Apr 082024
lorde take me to the river

It’s 40 years since a collaboration between Talking Heads and filmmaker Jonathan Demme led to the creation of one of the great concert movies, Stop Making Sense. High concepts, expert musicianship and a big suit cemented it in the minds of a generation. As part of a revival of the film in cinemas and, soon, at home, production owners A24 have curated a tribute album of the songs featured in the movie, to be released later in the year. Lorde has been bold enough to take on “Take Me to the River,” The Talking Heads’ take on the Al Green classic.

The first page of Heads drummer Chris Frantz’s entertaining story of music and love clearly outlines that Al Green was a touchstone for Talking Heads. There were limited models for their combination of art and music, but the inspirations for the music part were clear. The original is a sophisticated and organic expression of the Memphis sound.  The studio version from the Talking Heads is also typical example of the towering edifice of artifice which the band aspired to. Mannered, measured but respectful. The movie version, however, is a different beast. The band returns the song to the revivalist tent, with percussionist Steve Scales taking the role of the cheerleader to Byrne’s preacher, funk royalty providing so much additional drive to the show, from rhythm guitar, percussion, and vocal backing. The gloves, and the big suit, come off for what was the show closer or encore for the band for many years. The band are clearly having fun, immersing themselves in a river of soul music, just about keeping their heads above water.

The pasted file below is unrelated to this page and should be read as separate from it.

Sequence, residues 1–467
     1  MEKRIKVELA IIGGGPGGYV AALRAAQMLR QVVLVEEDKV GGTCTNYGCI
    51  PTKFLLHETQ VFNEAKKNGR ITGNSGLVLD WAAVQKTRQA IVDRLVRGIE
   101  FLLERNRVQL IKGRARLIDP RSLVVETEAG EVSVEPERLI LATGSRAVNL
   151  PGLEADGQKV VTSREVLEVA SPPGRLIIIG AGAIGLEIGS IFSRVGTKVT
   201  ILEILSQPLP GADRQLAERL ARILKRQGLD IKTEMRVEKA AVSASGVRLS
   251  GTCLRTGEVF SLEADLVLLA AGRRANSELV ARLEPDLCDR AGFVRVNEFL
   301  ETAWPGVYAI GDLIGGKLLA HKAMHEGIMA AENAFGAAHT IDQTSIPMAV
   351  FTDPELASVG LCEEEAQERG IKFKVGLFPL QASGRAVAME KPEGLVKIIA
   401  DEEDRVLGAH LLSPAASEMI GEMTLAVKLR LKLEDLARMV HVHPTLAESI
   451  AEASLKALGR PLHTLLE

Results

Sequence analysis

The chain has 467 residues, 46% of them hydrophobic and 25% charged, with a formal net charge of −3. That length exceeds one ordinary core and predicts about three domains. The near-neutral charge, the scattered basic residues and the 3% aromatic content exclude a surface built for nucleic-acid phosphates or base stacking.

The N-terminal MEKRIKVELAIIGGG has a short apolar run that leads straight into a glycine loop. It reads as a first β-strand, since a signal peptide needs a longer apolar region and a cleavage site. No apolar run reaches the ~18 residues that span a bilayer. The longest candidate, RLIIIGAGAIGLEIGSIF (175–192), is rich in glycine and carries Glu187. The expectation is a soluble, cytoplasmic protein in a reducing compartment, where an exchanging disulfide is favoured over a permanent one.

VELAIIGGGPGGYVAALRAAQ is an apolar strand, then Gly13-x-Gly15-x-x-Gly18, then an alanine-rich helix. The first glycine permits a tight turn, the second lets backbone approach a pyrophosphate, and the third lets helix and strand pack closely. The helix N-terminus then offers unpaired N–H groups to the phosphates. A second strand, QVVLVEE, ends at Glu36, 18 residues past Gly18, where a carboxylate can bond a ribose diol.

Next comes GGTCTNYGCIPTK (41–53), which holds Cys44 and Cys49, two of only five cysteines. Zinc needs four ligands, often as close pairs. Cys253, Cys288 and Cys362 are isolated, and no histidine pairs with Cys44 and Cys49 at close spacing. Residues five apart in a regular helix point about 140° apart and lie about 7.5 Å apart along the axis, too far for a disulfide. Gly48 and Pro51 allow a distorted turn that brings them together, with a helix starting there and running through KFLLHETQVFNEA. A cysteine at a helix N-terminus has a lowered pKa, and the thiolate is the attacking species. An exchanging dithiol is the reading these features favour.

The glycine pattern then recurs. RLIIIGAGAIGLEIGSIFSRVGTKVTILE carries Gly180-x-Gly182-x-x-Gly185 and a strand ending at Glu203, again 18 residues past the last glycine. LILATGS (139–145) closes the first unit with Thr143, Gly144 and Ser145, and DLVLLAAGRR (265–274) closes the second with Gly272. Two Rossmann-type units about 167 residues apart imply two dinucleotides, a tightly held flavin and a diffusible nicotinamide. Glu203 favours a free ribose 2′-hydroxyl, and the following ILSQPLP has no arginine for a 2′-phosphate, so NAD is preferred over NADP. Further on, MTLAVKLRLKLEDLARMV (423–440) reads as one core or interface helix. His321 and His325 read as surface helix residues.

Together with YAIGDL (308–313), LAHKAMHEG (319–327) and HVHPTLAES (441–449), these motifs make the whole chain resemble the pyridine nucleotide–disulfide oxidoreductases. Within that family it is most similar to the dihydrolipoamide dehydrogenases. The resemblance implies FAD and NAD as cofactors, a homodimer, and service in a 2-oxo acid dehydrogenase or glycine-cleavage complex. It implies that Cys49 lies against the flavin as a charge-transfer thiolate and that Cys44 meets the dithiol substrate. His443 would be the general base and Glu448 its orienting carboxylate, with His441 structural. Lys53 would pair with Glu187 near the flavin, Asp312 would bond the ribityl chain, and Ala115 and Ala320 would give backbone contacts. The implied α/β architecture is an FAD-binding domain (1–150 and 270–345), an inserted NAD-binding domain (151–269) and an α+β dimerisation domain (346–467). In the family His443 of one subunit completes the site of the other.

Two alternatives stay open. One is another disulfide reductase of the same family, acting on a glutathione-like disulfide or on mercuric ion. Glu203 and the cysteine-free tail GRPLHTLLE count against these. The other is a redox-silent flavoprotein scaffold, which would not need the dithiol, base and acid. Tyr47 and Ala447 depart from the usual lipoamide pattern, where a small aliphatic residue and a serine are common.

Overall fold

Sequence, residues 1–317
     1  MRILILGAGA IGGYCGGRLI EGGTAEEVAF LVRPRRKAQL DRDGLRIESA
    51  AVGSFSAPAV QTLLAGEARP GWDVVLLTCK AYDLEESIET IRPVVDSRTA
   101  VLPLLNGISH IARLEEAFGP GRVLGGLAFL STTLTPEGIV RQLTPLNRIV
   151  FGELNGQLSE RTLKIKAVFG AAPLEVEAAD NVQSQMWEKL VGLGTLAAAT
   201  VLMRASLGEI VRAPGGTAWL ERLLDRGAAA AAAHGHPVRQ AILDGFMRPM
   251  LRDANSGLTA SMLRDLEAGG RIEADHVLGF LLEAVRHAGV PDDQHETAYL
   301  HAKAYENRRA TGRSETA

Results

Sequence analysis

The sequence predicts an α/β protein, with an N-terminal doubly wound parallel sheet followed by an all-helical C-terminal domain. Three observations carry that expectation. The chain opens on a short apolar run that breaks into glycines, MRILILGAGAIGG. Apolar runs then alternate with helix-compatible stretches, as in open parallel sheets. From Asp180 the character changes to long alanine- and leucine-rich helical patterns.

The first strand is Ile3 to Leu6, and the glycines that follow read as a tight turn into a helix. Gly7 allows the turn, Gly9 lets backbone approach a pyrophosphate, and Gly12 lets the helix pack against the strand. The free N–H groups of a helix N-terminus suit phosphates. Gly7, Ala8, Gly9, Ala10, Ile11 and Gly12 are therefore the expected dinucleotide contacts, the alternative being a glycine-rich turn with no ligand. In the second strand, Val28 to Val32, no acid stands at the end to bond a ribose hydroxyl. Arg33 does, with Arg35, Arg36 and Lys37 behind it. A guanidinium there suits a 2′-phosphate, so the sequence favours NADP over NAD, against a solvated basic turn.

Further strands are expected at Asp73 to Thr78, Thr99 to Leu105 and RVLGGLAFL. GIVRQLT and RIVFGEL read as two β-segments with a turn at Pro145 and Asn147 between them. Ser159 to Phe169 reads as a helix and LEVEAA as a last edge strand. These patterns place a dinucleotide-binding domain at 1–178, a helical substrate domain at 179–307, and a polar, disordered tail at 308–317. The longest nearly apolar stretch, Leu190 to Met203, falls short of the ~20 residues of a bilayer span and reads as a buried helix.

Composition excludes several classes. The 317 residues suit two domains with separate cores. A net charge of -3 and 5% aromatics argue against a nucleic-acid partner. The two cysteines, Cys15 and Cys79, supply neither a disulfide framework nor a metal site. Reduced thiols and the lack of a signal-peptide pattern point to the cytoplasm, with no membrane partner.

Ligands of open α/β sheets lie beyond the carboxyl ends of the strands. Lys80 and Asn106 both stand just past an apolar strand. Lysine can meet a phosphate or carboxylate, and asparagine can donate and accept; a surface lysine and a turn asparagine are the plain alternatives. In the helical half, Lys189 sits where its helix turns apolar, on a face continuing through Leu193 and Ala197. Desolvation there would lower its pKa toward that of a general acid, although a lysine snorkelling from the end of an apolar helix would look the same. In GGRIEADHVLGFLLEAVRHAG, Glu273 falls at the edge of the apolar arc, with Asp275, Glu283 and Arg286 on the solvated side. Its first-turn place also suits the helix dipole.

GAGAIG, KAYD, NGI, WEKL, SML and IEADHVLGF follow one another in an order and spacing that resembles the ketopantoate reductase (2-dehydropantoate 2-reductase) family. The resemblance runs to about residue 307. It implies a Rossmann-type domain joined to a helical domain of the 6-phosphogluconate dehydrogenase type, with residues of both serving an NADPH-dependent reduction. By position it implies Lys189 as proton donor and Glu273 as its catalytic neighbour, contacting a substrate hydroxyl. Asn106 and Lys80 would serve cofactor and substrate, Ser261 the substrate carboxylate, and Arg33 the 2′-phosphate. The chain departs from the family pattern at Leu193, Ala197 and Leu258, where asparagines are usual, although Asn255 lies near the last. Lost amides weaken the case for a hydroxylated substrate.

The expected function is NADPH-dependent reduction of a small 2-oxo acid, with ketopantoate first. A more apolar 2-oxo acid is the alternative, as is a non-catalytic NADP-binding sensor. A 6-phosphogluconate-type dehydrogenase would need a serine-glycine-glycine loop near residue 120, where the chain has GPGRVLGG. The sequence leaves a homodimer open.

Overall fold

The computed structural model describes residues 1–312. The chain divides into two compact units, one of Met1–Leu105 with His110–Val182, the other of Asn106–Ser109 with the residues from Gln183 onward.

Lorde pays closer attention to the studio cut of the Talking Heads rather than the original or movie version. It is exquisitely constructed and Lorde’s ethereal presence asks unsettling, rhythmic, questions. It’s unclear why she wants to go to the river, or if she fully does. Lorde notes that when she first saw the Talking Heads version “Humour, lust, rhythm and ritual” coursed through her, and all of that is captured, but there is also some trepidation. Just like a girl who has just been through her Sweet Sixteen party and is looking to a new world.


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